Dr. Barst: Babies Hospital, Columbia-Presbyterian Medical Center, Pediatric-Cardiology Center BH-2 North, Room 262, 3959 Broadway, New York, NY 10032.

Dr. Barrett, Mr. Kral, Ms. Jöbsis, Mr. Decker, and Dr. Knobil: Glaxo Wellcome, Inc., 5 Moore Drive, Research Triangle Park, NC 27709.

Drs. Loyd and Robbins: Pulmonary Medicine, Vanderbilt University Medical Center, 1161 21st Avenue South, Room T-1217 MCN, Nashville, TN 37232-2650.

Dr. Murali: Transplantation Cardiology, University of Pittsburgh Medical Center, 556 Scaife Hall, 200 Lothrop Street, Pittsburgh, PA 15213.

Dr. Frost: Pulmonary Section, Lung Transplant Program, Baylor College of Medicine, 6550 Fannin Smith Tower, Suite 1236, Houston, TX 77030.

Dr. Girgis: Division of Pulmonary and Critical Care Medicine, Wayne State University School of Medicine, Harper Hospital, 3-Hudson, 3990 John R, Detroit, MI 48201.

Dr. Bourge: Division of Cardiovascular Diseases, University of Alabama, 1900 University Boulevard, 321-M Tinsley Harrison Tower, Birmingham, AL 35294.

Dr. Ralph: Pulmonary and Critical Care Medicine, University of Washington Medical Center, Box 356522, Seattle, WA 98195-6522.

Dr. Elliott: Pulmonary Division, LDS Hospital, Ninth Avenue and C Street, Salt Lake City, UT 84143.

Dr. Hill: Pulmonary Division, Rhode Island Hospital, 593 Eddy Street, Providence, RI 02903.

Dr. Langleben: Jewish General Hospital, Room E-258, 3755 chemin Côte Ste-Catherine, Montreal, Quebec H3T 1E2, Canada.

Dr. Schilz: Pulmonary and Critical Care Medicine, Cleveland Clinic Foundation, 9500 Euclid Avenue, Cleveland, OH 44195.

Dr. McLaughlin: Section of Cardiology, Rush Presbyterian-St. Luke's Medical Center, 1725 West Harrison Street, Suite 020, Chicago, IL 60612.

Dr. Groves: Division of Cardiology, B132, University of Colorado Health Sciences Center, 4300 East Ninth Avenue, Denver, CO 80262.

Dr. Shapiro: Division of Cardiology, Harbor-UCLA Medical Center, 1000 West Carson Street, Torrance, CA 90509.

Dr. Medsger: University of Pittsburgh, 502 Kaufmann Building, 3471 Fifth Avenue, Pittsburgh, PA 15213.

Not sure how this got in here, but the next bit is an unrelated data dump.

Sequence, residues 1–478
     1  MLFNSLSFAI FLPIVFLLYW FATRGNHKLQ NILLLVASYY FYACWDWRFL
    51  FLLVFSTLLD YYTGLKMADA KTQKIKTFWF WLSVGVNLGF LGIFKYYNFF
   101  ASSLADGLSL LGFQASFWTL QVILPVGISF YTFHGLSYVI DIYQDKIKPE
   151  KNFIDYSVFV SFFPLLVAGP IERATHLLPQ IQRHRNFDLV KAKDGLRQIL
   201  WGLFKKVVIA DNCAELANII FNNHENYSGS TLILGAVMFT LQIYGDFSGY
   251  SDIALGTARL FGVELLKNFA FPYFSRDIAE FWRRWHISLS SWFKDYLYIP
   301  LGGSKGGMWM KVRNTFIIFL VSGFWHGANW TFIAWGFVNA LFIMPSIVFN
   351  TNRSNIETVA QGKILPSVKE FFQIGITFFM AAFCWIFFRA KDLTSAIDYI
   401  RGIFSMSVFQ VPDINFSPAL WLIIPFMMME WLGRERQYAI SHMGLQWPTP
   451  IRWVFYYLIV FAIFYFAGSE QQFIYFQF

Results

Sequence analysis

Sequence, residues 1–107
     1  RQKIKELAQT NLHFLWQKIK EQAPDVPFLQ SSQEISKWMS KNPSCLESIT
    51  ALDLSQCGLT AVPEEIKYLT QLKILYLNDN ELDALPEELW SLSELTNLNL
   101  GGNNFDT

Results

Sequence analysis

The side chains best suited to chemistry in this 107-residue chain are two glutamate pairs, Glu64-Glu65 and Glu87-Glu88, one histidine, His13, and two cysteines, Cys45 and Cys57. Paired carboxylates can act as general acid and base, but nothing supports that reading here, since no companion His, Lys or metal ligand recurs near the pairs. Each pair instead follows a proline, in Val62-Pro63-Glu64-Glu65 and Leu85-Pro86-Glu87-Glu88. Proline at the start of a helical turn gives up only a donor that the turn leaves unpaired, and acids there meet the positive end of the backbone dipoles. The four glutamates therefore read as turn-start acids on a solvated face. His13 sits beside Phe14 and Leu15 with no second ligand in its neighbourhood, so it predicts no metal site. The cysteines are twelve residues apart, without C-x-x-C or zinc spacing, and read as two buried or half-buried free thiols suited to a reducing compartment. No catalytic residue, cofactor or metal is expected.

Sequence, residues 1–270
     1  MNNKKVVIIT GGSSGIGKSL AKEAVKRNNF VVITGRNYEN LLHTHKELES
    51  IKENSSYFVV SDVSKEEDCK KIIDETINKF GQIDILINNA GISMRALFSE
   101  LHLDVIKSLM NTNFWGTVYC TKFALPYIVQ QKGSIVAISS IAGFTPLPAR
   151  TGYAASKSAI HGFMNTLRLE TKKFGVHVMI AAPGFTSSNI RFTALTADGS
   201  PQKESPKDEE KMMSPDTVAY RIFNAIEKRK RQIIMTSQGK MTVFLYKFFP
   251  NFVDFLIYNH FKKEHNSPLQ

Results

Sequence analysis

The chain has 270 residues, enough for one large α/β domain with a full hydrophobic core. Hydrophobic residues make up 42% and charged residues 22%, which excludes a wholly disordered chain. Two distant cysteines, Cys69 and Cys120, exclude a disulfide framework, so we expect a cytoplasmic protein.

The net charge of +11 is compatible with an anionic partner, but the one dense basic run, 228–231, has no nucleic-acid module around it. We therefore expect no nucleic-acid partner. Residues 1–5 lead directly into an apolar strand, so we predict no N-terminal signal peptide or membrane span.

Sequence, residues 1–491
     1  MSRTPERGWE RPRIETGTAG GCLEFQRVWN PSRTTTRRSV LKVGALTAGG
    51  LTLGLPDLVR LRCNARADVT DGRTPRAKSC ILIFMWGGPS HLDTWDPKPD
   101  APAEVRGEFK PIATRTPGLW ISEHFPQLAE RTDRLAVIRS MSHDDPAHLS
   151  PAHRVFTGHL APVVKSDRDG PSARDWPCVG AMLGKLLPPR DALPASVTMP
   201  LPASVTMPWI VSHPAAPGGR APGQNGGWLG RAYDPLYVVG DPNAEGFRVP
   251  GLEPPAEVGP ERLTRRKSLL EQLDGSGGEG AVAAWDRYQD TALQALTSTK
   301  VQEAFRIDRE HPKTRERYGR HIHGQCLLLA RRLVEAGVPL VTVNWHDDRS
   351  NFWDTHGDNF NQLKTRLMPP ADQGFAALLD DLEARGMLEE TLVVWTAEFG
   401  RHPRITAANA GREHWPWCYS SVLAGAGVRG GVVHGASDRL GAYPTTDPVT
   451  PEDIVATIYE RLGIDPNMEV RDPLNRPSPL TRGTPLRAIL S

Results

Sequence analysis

Dr. Gaine: Division of Pulmonary and Critical Care Medicine, University of Maryland School of Medicine, 10 South Pine Street, Room 800, Baltimore, MD 21201.

Dr. Horn: Cardiology Division, Department of Medicine, Columbia-Presbyterian Medical Center, 630 West 168th Street, Box 93, New York, NY 10032.

Author Contributions: Conception and design: D.B. Badesch, V.F. Tapson, M.D. McGoon, B.H. Brundage, L.J. Rubin, F.M. Wigley, S. Rich, R.J. Barst, P.S. Barrett, K.M. Kral, M.M. Jöbsis, R.C. Bourge, C.G. Elliott, B.M. Groves.

Analysis and interpretation of the data: D.B. Badesch, V.F. Tapson, M.D. McGoon, B.H. Brundage, L.J. Rubin, F.M. Wigley, S. Rich, R.J. Barst, P.S. Barrett, K.M. Kral, M.M. Jöbsis, R.C. Bourge, D. Langleben, J.C. Decker, K. Knobil.

Drafting of the article: D.B. Badesch, V.F. Tapson, M.D. McGoon, B.H. Brundage, F.M. Wigley, K.M. Kral, M.M. Jöbsis, D. Langleben, T.A. Medsger, J.C. Decker, K. Knobil.

Critical revision of the article for important intellectual content: D.B. Badesch, V.F. Tapson, M.D. McGoon, B.H. Brundage, F.M. Wigley, S. Rich, R.J. Barst, P.S. Barrett, K.M. Kral, M.M. Jöbsis, J.E. Loyd, S. Murali, A.E. Frost, D. Ralph, C.G. Elliott, D. Langleben, T.A. Medsger, J.C. Decker, K. Knobil.

Final approval of the article: D.B. Badesch, V.F. Tapson, M.D. McGoon, B.H. Brundage, F.M. Wigley, S. Rich, R.J. Barst, K.M. Kral, M.M. Jöbsis, J.E. Loyd, S. Murali, A.E. Frost, R.E. Girgis, R.C. Bourge, D. Ralph, C.G. Elliott, D. Langleben, J.C. Decker, K. Knobil.

Provision of study materials or patients: D.B. Badesch, V.F. Tapson, M.D. McGoon, B.H. Brundage, L.J. Rubin, S. Rich, F.M. Wigley, R.J. Barst, J.E. Loyd, S. Murali, A.E. Frost, R.E. Girgis, R.C. Bourge, D. Ralph, C.G. Elliott, N.S. Hill, D. Langleben, R.J. Schilz, V.V. McLaughlin, I.M. Robbins, B.M. Groves, S. Shapiro, T.A. Medsger, S.P. Gaines, E. Horn.